Grad School: Is It For You? Choosing a School.
By Kathryn S
Last week, I warned you that the grad school application process is quite a time consuming effort. Well guess what folks? You’re going to need to put ample time into choosing your prospective grad schools too! Sure, this might seem a bit obvious, but this columnist doesn’t always think things through.
For me, grad school was a roll of the dice, and six possible schools came up for me: Georgetown, Rutgers, Ohio State, North Carolina State, San Francisco State, and the school I eventually chose, hereafter refered to as X University.I chose these schools on a whim. Georgetown was my “reach,” and the closest I could get to Ivy League while maintaining a glimmer of hope for acceptance. Rutgers was relatively close to my hometown (by close I mean a 5 hour drive); Ohio State is a party school notorious for it’s tailgating parties (I swear, that’s why I applied- don’t judge); North Carolina State was an hour from my only other friend attending grad school; and San Francisco just seemed like a cool city to live in, as did the location of X University.
Rule number one in choosing grad school? Don’t be superficial when planning your future!
Take your time to research graduate programs across the country. If you want to focus on a particular location, check out as many schools in that region as you can. Take notes. Google the faculty. Check out some of the courses being offered, and find out what the plan of study entails. Many grad schools have student ambassadors that you can email to get a current students’ point of view on the program. Seriously, folks, exhaust the freaking websites. Scour them like you scour Perez Hilton.
In college, you have a lot of room to change your mind. Changed your major? No biggie. Transfer student? Piece of cake. On the five- or six-year plan? Join the club. Masters programs, on the other hand, are only two years long. Stretching out the plan of study can raise flags when you are applying for jobs or PhD programs, and not only is transferring schools relatively rare, you’re likely to lose the credits you’ve already earned. Having transferred schools and changed majors in undergrad, I can appreciate the trial-and-error aspect of college. In graduate school however, you’re in it for the long haul.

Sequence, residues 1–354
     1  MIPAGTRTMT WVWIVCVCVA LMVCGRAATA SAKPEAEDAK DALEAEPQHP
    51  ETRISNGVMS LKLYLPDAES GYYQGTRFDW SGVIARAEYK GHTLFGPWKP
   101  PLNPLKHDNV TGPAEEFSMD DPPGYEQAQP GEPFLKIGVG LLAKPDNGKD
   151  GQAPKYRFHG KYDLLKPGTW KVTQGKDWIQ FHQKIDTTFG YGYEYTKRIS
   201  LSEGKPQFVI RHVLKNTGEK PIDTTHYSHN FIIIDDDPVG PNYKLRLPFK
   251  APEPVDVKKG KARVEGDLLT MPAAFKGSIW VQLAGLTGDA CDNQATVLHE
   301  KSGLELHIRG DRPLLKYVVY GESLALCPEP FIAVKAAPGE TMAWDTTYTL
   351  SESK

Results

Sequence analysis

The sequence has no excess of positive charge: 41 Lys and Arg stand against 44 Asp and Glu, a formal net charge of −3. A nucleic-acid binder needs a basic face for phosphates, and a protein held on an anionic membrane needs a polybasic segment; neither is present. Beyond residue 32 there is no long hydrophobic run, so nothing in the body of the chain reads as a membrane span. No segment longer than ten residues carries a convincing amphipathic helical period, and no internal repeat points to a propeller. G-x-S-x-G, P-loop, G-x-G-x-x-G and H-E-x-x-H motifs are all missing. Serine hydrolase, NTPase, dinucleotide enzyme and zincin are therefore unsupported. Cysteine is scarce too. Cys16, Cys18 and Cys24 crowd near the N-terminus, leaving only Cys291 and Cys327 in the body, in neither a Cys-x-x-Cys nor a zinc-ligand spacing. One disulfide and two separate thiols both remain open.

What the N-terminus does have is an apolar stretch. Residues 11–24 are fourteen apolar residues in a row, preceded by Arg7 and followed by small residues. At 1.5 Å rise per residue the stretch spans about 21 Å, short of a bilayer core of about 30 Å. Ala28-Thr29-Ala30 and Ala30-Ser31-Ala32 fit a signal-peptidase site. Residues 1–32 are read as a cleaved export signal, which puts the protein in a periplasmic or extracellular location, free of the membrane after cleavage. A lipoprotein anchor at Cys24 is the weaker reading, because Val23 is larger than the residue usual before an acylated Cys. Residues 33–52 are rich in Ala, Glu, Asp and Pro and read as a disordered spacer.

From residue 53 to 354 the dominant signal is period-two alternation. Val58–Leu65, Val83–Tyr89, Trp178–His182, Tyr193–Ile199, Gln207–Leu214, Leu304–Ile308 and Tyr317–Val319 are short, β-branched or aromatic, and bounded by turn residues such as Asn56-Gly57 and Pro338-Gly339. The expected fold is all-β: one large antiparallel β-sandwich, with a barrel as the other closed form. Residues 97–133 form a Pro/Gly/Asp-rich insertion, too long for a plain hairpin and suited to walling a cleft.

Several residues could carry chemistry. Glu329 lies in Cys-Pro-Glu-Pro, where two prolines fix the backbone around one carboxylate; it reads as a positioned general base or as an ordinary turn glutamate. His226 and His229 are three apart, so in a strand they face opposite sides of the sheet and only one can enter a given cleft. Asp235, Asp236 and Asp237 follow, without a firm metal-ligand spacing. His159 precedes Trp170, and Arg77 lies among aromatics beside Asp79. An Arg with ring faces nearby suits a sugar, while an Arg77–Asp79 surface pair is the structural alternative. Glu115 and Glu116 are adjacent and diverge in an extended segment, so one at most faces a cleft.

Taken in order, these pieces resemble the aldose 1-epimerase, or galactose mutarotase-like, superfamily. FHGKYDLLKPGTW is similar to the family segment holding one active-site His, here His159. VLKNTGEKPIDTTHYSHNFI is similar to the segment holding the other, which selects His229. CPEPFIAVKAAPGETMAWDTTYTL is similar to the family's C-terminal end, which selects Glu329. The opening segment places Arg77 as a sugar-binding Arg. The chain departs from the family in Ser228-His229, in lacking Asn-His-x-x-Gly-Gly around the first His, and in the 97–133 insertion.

In the end, my final decision was between Georgetown and X University. Georgetown= awesome school. X University= tuition waiver. I reasoned that completing a M.A. in itself would be an accomplishment. Where I got the degree wasn’t that important right? Let’s just say I plan on framing my Georgetown acceptance letter and hanging it above my X University diploma. Oh, what could have been.
I realized I was at the wrong school during my first semester, when the homework for a required course consisted of blogging about our experience as graduate students each week. That’s what Myspace bulletins are for! Though my friends and I drank away our frustrations that fall, it wasn’t until the following semester that I realized I would give anything to transfer to Northeastern University, a school that hadn’t been picked up on my original radar, but that I thought was pretty much the perfect school for me. I was shit out of luck.
Make a list of you want to get out of your education. Trust me, you’re going to be working your butt off in grad school, so it might as well be worth it. Take your time looking at schools, my friends. A few extra hours of your time now is much more efficient than two years of your life at a school that isn’t right for you.